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When I last saw Michael McGowan, it was June 1993 and he gave me a list of books he thought I should read over the summer. He thought I should put down my mass-market science-fiction novels and graduate to more challenging stuff — he insisted that, even at 15, I should cultivate lofty ambitions. The idea that great things can be achieved at any point in life is a lesson that pervades McGowan’s films.

Today McGowan is a successful Canadian director, known for films such as One Week and Score: A Hockey Musical. His latest project is Still, a drama set in modern-day New Brunswick that deals with the inevitability of death and bureaucracy, with the latter nearly coming across as worse. Starring James Cromwell and Geneviève Bujold, its world premiere takes place Sept. 10 at TIFF.

In a previous life, McGowan taught at Toronto’s St. Michael’s College, a private Catholic boys’ high school. McGowan had himself been a student there and his Catholic-school-set Saint Ralph (2004) contains inside jokes for St. Mike’s alums. In the film, Gordon Pinsent’s Father Fitzpatrick, a stern but ultimately caring principal-priest, tells the titular young Ralph: “You’re 14 years old. Greatness is not an option.”

Thankfully, McGowan had precisely the opposite attitude as my Grade 9 English teacher. He used a combination of humour and gentle teasing to encourage me and a couple other boys who showed a talent for words (he once gave me heck for reading a book written by William Shatner, of all people). He was popular with the students, or at least I looked up to him enough to try to impress him by bringing Kerouac to class. But he was 27 and not loving it. McGowan’s year of malaise later inspired the dissatisfied English teacher Ben Tyler, protagonist of his 2008 film One Week.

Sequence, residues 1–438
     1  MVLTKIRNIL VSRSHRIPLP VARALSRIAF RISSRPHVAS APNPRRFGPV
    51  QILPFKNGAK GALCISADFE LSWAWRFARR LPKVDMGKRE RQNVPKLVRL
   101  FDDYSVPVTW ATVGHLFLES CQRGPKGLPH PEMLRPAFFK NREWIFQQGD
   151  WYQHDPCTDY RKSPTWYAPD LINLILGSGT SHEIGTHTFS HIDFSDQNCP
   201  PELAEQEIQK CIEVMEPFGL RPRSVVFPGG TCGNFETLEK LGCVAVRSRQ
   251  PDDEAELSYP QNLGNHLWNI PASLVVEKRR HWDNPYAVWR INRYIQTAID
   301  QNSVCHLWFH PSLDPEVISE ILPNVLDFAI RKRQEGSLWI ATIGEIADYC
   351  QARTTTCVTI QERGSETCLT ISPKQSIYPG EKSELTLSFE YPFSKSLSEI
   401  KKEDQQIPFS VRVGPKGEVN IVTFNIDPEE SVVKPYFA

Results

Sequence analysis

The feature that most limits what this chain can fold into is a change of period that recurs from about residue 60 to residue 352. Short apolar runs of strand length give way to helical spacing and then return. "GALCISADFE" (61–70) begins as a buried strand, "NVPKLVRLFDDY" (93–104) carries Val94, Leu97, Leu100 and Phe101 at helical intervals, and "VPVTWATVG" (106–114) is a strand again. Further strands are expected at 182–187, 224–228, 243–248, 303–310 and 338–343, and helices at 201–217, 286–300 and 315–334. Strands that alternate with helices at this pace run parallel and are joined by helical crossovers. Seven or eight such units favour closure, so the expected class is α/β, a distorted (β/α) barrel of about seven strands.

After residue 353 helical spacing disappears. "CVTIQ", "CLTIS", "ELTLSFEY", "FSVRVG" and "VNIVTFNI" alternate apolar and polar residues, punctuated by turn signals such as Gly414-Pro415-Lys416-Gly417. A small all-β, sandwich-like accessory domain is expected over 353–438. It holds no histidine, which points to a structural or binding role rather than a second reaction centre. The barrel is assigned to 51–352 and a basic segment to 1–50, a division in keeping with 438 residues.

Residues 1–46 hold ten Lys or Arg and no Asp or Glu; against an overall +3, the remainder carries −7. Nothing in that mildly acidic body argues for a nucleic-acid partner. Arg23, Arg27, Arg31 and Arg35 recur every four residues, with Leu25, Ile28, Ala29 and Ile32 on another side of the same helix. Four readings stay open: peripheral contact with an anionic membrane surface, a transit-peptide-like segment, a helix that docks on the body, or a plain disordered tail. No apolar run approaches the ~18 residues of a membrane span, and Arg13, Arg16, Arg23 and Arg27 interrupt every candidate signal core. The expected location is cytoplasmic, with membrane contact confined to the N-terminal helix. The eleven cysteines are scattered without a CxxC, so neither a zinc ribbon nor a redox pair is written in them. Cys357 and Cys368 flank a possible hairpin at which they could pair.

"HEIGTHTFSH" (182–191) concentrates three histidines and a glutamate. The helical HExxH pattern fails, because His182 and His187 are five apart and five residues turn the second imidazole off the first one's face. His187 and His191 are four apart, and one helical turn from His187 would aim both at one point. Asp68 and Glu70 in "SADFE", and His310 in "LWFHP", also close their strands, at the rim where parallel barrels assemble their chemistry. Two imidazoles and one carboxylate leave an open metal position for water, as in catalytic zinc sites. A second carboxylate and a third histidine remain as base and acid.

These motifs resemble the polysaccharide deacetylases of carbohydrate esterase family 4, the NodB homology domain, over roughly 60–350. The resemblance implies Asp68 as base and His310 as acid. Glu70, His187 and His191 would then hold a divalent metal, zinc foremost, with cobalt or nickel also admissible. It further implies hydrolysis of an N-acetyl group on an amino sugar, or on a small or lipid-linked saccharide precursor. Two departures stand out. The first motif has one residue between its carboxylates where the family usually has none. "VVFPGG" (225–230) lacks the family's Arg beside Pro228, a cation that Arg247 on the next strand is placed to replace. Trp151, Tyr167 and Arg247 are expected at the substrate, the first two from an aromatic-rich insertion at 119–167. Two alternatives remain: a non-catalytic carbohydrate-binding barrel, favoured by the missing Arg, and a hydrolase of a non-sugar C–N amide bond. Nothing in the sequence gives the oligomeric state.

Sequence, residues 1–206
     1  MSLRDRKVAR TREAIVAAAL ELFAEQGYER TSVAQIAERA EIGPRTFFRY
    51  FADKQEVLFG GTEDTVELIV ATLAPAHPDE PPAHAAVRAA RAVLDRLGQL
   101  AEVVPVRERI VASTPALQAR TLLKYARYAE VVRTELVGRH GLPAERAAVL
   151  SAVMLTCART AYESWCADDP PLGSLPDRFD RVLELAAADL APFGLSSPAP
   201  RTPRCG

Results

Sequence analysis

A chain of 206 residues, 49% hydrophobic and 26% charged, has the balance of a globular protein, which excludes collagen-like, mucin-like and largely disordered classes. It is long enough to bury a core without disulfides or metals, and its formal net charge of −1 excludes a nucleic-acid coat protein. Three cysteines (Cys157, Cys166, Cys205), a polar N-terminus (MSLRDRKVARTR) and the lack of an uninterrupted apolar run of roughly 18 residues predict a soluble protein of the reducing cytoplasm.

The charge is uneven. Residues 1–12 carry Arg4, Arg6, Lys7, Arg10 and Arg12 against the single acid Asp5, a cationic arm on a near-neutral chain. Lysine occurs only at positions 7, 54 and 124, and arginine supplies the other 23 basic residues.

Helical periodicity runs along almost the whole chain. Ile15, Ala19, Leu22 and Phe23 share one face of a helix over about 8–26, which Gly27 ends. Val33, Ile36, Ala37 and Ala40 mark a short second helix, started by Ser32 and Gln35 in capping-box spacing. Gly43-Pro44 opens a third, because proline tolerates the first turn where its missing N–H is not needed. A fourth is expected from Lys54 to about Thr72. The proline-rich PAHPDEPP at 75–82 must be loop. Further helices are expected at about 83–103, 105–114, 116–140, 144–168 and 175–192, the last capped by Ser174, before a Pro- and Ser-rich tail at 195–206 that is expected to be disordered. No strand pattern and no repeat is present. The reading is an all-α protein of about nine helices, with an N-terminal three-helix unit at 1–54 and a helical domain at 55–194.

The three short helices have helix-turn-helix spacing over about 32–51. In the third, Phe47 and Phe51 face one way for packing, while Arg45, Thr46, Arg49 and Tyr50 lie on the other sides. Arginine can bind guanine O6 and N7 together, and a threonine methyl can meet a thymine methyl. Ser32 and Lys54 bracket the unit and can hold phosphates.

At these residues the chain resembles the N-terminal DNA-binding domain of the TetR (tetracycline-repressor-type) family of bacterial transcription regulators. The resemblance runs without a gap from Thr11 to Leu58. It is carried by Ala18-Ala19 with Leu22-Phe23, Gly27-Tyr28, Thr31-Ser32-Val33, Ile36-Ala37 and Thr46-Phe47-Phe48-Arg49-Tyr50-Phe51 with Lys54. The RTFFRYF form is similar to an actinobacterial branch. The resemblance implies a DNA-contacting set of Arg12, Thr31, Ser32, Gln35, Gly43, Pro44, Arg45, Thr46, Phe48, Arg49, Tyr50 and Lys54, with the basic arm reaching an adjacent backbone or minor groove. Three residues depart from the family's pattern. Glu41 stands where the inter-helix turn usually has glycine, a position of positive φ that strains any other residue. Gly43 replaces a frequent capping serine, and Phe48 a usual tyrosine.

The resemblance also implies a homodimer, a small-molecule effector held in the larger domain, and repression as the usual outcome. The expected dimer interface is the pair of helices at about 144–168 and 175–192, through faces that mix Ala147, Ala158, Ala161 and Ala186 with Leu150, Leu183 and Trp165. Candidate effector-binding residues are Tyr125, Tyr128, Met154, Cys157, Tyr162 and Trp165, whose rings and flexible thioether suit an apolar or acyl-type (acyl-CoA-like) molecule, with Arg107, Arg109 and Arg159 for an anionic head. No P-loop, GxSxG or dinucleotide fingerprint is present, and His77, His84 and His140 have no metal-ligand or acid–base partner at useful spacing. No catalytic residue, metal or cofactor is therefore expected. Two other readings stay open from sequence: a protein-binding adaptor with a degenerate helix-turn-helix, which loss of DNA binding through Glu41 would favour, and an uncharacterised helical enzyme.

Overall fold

“That was me at St. Mike’s. I just saw the clock ticking,” he recalls as we reconnect after 19 years for an interview at a Toronto hotel.

Neither McGowan nor I truly fit in at St. Mike’s, and we both left after that one year — me to public school, he to go off and write full-time. Eventually he “fell into” screenwriting, as he puts it.

“I saw Clerks at TIFF and loved it and thought, ‘You know, I could do that.’ I wrote a sort of Clerks-ish film that did well financially,” he says, referring to 1998’s My Dog Vincent. “It was very much like a student film. The first time I was ever on a set was the first day of principal photography.”

My Dog Vincent was largely about being in one’s early twenties; like all McGowan’s films, the plot is set against the particular circumstances of being a certain age.

His new film Still is his story about the last chapter of life. McGowan found it in the newspaper one day. He was fascinated to read about Craig Morrison, an elderly man from rural New Brunswick who was being harassed by building inspectors after he started constructing a house with his own hands and his own lumber — as he had done in decades past — so that he and his Alzheimer’s-stricken wife Irene could spend their final days there. Clipboard-toting officials hounded Morrison with code violations even as independent experts said his old-fashioned house-building techniques were superior to modern ones. It was one of those are-you-kidding-me tales of bureaucratic stubbornness that seem so common in this country.